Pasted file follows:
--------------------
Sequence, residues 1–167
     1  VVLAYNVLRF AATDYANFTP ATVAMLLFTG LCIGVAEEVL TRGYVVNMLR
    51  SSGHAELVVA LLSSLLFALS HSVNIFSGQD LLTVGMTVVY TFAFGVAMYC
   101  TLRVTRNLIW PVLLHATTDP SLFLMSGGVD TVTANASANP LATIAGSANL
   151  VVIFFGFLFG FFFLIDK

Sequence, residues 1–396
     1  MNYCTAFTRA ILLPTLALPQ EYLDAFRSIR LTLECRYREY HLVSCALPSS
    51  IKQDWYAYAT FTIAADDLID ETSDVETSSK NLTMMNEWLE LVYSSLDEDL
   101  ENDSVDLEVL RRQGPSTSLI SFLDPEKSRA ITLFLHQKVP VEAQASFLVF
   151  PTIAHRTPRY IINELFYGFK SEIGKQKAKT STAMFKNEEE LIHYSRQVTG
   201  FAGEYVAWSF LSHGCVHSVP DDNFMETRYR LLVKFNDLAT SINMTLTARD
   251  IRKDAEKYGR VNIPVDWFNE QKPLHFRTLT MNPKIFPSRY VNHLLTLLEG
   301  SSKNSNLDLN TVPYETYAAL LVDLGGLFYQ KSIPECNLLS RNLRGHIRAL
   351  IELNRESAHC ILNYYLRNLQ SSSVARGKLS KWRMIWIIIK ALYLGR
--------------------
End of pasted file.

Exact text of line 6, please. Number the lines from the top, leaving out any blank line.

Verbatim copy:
Sequence, residues 1–396